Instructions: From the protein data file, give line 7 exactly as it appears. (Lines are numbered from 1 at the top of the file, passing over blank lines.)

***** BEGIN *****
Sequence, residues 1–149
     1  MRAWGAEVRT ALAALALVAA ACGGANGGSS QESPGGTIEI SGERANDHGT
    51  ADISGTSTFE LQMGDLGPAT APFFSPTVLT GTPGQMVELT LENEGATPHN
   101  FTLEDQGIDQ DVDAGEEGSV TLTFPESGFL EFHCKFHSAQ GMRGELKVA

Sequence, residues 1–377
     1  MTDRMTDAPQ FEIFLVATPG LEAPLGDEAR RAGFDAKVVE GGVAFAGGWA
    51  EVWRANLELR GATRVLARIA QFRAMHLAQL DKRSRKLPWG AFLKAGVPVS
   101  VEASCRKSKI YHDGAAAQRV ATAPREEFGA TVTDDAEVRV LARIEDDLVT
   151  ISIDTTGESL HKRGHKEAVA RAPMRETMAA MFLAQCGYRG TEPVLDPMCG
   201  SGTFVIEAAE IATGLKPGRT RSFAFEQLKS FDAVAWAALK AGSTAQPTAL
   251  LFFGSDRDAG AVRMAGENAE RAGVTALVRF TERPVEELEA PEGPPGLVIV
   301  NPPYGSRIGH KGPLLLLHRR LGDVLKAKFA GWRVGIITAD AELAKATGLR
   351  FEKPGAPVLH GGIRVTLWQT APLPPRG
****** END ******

    51  EVWRANLELR GATRVLARIA QFRAMHLAQL DKRSRKLPWG AFLKAGVPVS